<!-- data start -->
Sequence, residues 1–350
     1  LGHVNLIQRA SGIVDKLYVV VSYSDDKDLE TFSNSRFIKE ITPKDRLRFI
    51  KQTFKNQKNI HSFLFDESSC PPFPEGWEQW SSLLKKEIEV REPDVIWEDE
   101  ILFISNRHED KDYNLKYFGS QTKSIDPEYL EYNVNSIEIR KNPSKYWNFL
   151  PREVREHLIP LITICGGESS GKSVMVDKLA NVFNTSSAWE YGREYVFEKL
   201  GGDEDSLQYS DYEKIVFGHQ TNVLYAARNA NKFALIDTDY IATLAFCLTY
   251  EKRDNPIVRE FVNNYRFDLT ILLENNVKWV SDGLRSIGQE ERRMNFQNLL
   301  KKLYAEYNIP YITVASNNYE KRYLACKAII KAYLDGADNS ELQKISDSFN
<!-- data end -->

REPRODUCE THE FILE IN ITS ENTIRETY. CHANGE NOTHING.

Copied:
Sequence, residues 1–350
     1  LGHVNLIQRA SGIVDKLYVV VSYSDDKDLE TFSNSRFIKE ITPKDRLRFI
    51  KQTFKNQKNI HSFLFDESSC PPFPEGWEQW SSLLKKEIEV REPDVIWEDE
   101  ILFISNRHED KDYNLKYFGS QTKSIDPEYL EYNVNSIEIR KNPSKYWNFL
   151  PREVREHLIP LITICGGESS GKSVMVDKLA NVFNTSSAWE YGREYVFEKL
   201  GGDEDSLQYS DYEKIVFGHQ TNVLYAARNA NKFALIDTDY IATLAFCLTY
   251  EKRDNPIVRE FVNNYRFDLT ILLENNVKWV SDGLRSIGQE ERRMNFQNLL
   301  KKLYAEYNIP YITVASNNYE KRYLACKAII KAYLDGADNS ELQKISDSFN